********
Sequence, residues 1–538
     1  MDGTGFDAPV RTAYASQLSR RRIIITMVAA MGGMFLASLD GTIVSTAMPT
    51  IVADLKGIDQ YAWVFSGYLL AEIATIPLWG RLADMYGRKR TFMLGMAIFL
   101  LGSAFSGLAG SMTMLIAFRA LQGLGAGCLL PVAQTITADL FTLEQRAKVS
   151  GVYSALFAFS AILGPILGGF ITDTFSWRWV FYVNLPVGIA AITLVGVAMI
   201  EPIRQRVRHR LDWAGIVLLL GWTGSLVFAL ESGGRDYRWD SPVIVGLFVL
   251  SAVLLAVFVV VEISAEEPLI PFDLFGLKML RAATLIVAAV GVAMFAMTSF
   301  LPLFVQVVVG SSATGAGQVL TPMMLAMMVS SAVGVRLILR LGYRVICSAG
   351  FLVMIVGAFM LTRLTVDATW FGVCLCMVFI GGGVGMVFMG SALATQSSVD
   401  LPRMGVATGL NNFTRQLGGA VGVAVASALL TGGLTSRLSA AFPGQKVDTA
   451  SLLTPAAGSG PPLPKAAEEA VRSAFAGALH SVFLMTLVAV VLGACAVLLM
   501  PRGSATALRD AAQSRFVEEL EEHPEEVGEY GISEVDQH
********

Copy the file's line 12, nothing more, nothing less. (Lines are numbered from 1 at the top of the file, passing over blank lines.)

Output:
   501  PRGSATALRD AAQSRFVEEL EEHPEEVGEY GISEVDQH